Fundraising 2016 – Control Your Destiny

Welcome to 2016. We’ve already heard lots of predictions about the late stage financing market, tech IPOs, and what is going to happen to unicorns this year. And it’s only Monday, January 4th.

Remember that these are predictions. No one really has a clue. And a year is a long time.

My simple advice for 2016 is “control your destiny.”  There are lots of different ways to control your destiny. It’s dependent on the stage you are at, the size of your company, and the configuration of your investor base.

Here’s an example from an email exchange I had this morning with the CEO of an early stage company that has growing revenue and a small team.

Founder: “So far we’ve raised $1.2mm and our revenues for 2016 will eclipse that. (All software licenses sold, no services). With status quo, we can become profitable, but grow slowly. I can burn faster, and grow faster, but risk not being able to raise money. There are network effects and winning the market is important. If my end goal is to ultimately win the market and not stay a “nice little business” is there any rule of thumb for how much to burn versus keep in the coffers? Is it better to burn out, or fade away?” 

Me: 1. How much cash do you have in the bank? 2. How much are you burning a month?

Founder: 1. $250K actual cash. $250K in A/R. 2. $65k / month

Me: Get profitable so you are self-sustaining. Then raise more money.

Founder: Thanks!  I think you are right. Love to know your reasoning.

Me: Control your future. It makes fundraising much easier.

I’ve got plenty of different examples for different situations and stages. Look for more examples like this in the future. If there are specific cases you are looking for feedback on, feel free to leave them in the comments.

  • Did you see my comment on Fred’s blog 4 days ago…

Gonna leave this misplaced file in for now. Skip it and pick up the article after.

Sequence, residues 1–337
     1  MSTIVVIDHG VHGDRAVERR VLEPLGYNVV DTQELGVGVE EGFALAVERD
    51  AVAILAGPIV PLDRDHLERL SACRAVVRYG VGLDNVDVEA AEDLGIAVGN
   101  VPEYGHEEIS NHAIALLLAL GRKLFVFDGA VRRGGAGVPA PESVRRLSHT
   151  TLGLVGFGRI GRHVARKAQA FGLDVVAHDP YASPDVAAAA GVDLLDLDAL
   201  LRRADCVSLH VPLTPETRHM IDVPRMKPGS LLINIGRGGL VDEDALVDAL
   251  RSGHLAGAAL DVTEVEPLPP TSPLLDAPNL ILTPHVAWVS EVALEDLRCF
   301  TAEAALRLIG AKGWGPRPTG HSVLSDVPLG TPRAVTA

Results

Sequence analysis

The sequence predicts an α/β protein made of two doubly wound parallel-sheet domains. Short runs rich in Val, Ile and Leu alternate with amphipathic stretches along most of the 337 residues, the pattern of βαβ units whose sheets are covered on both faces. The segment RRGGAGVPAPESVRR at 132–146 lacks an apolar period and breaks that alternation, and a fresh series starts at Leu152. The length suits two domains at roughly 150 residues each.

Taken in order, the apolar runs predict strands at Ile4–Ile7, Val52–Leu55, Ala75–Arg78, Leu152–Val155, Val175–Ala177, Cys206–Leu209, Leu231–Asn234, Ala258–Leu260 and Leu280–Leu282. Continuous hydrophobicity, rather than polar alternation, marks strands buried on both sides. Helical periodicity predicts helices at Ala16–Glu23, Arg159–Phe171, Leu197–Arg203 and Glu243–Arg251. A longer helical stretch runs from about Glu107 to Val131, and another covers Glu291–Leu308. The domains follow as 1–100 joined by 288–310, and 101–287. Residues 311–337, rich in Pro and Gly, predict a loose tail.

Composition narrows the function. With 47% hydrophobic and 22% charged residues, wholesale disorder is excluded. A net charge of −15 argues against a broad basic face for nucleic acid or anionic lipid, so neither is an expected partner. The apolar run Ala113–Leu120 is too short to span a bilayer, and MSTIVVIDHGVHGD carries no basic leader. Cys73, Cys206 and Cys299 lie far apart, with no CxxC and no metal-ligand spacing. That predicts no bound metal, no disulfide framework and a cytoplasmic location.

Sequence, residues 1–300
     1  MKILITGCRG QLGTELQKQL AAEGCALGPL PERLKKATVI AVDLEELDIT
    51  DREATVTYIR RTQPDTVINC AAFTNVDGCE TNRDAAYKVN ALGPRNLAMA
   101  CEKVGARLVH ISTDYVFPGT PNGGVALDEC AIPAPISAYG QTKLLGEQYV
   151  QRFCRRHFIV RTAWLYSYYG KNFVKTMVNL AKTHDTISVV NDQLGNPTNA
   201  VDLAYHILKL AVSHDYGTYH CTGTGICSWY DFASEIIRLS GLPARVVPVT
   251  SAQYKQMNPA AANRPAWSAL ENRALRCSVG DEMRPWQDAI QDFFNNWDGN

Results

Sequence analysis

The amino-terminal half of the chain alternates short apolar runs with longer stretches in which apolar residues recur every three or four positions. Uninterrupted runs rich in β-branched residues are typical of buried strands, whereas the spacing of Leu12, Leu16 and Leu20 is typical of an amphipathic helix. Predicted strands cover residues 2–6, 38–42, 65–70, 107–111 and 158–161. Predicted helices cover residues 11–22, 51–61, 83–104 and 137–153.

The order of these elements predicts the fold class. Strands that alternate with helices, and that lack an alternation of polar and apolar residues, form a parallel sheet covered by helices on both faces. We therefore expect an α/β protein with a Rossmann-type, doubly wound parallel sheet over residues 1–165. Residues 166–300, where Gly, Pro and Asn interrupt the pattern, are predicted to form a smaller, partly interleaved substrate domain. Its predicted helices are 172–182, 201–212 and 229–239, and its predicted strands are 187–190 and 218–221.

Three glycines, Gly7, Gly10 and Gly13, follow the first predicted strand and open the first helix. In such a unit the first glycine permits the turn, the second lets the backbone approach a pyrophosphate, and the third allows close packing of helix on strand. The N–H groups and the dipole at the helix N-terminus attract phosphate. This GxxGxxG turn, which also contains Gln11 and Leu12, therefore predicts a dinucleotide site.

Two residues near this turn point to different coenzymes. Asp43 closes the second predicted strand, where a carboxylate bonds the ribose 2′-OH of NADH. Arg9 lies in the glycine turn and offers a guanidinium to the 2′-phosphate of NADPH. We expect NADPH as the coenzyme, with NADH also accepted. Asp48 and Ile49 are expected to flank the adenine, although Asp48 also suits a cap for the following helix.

I’m thinking we are the same age 50ish. I had a conversation with a young founder the other day and said that until you were profitable you don’t really have control of your company.

    He looked at me proudly and said: “I own 60% of my company, I’m in total control.”

    I said great are the other 40% common shareholders like you?? or did you sign a two inch thick book with terms to protect them for their 40% share??? Ummm…

    Think if you need to raise money there is a possibility the terms will be you need a new CEO, and many of your common shares will get crammed down??

    “Well I wouldn’t raise money under those terms”. Ok, if you are profitable you are right but if you aren’t profitable and the alternative is to raise money or die which are you going to choose?

    Also I gave Seth Levine a shout out for class and dignity in that company that had to be shut down last month. Class move.

    • Thanks on the shoutout for Seth.

      And – your feedback / questions to the founder were exactly correct. And a lot of people are going to learn that lesson for the first time this year.

      I just turned 50 …

    • It always seems to come back to… Live to fight another day.

  • JLM

    The issue of founder/entrepreneur control is a paramount concern on the balance sheet, the cap table, and in the board room.

    It is the most important element of CEO survival.

    When the VCs want to fund the next 12 months, the smart entrepreneur gets 24 months of money and lengthens the leash while increasing flexibility.

    When the VCs want a disproportionately greater representation on the board, the smart entrepreneur gives them the number of seats they want but increases the size of the board to ensure she retains control. Every CEO should attempt to control their destiny at the board level.

    The prudent CEO submits a clear vision, mission, strategy, tactics (financial plan), objectives, values, culture, business engine canvas, business process graphic, and dollar weighted current and future org charts.